Two bookmakers even claimed yesterday that the Irish Champion Stakes at Leopardstown, and not the St Leger at Doncaster, could be the main event of the weekend as far as punters are concerned. The field for the Irish race should certainly be impressive, with Swain, Xaar, One So Wonderful and Shahtoush, Group One winners all, among the expected runners.
"The St Leger hasn't been a great race for a decade and this year's is the worst I can remember," was the opinion of David Hood, William Hill's spokesman, and he twisted the knife by adding that "there is not a true Group One horse in the race".
Unfortunately, he is probably right, and the best Sanderson could offer in the Leger's defence was to call it "fascinating and competitive", a description which could apply to any good handicap. But does it really matter? The Yorkshire crowd will still pack out Town Moor on Saturday afternoon, and taken as a whole, the four-day meeting is still one of the best of the season, with a well-balanced mixture of quality and fierce competition.
This year, what is more, there is a new contest which in terms of its prize-money is as valuable as most Classics. The St Leger Yearling Stakes is one of those exclusive contests which is open solely to graduates of a particular bloodstock auction, in this case the yearling sale which takes place across the road from the course when racing stops. The owner of the first horse home will win pounds 178,500, which is a few thousand more than the connections of King Of Kings received when he won the 2,000 Guineas in May. It is a fair assumption that few if any of the 22 runners will be having an "easy" to earn a handy mark for nurseries.
Whether any more than a handful stand a serious chance of winning is another matter. The standard of the field is rather less awesome than the prize-money purse, and Flanders, Tim Easterby's prolific and talented filly, will probably start as the firm favourite. At York last time out, Flanders was third to Bint Allayl in the Lowther Stakes, form which gives her an outstanding chance today, but one slight worry is the amount of racing she has had this season. This will be her sixth start since early May, and her patience may not last forever.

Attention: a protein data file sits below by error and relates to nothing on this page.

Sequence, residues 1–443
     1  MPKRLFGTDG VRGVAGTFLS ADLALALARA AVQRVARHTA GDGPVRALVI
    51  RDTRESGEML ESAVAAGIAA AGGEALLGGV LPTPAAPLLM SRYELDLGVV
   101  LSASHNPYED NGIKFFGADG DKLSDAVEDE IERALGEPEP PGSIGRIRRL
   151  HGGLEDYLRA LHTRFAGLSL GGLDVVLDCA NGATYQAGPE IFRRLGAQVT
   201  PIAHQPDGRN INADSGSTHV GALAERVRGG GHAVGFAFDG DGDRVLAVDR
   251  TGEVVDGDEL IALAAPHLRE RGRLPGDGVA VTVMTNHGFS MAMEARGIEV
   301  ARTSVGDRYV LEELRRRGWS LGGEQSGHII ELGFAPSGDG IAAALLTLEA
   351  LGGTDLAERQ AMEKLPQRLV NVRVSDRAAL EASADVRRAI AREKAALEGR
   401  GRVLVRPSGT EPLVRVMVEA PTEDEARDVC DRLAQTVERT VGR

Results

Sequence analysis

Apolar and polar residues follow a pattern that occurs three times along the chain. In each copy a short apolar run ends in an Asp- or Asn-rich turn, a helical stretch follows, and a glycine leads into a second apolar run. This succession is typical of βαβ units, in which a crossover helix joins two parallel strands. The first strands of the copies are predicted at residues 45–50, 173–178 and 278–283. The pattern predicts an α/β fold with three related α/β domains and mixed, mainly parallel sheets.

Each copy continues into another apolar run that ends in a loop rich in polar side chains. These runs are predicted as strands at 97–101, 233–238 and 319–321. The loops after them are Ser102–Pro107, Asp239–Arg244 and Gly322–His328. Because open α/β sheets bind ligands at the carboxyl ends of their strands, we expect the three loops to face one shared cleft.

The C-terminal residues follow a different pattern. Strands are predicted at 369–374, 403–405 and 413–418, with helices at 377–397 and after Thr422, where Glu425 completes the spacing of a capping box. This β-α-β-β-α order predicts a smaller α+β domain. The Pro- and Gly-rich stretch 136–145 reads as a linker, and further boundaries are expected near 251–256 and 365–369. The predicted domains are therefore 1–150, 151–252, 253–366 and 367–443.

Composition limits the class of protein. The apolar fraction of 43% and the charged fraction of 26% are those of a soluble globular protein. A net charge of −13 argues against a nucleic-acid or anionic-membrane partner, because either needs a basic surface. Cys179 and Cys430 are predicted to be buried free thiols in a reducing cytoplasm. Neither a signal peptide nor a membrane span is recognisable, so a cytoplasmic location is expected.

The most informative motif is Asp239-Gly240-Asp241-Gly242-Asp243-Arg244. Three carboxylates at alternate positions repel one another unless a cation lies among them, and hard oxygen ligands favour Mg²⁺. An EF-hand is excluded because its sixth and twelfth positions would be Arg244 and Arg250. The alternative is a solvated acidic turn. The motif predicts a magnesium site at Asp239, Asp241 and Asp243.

A short price about her is to be avoided - there are traffic problems to consider, too - and a solid alternative is My Petal (3.10). Richard Hannon has a good record in races like this, and My Petal seems to have been brought along carefully with this contest in mind.
The Portland Handicap is the race in which almost every punter will feel obliged to have an interest, all the more so since it is the medium of today's Trifecta, the new Tote bet which is turning the Tricast into a laughing stock. It is, of course, a deeply difficult race to solve, and even the draw is of little assistance, but one runner who could go close at a big price is EPSOM CYCLONE (nap 2.35).
Barry Hills's unexposed three-year-old looked likely to figure in a big handicap when successful at the Lincoln meeting here in March. He has not run for four months, though, after a poor showing at Lingfield in May, but his absence coincided with a bleak time for his trainer. Now that the string is back to form, Epsom Cyclone is overpriced at 20-1.
Desaru (1.30) should win an interesting opener for Jeremy Noseda, although all five runners have a decent chance, while Tuning (3.40), the Ebor winner, is very hard to oppose in the Park Hill Stakes.
IRISH CHAMPION STAKES (Leopardstown, Saturday): Liam Cashman: 5-2 Swain, 4-1 One So Wonderful, Xaar, 8-1 Alborada, 12-1 Mutamam, Shahtoush, 16- 1 Make No Mistake, 20-1 Sasuru, 25-1 Tarascon, 33-1 Happy Valentine, 50- 1 Risk Material.
ST LEGER (Doncaster, Saturday): William Hill: 2-1 Nedawi, 7-2 The Glow Worm, 5-1 Sadian (from 13-2), 7-1 High And Low (from 6-1), 8-1 Star Begonia (from 13-2), Ta Lim, 9-1 Dark Moondancer (from 8-1), 9-1 Sunshine Street, 25-1 Eco Friendly, 150-1 Ardleigh Charmer (from 250-1).
Nap: Bomb Alaska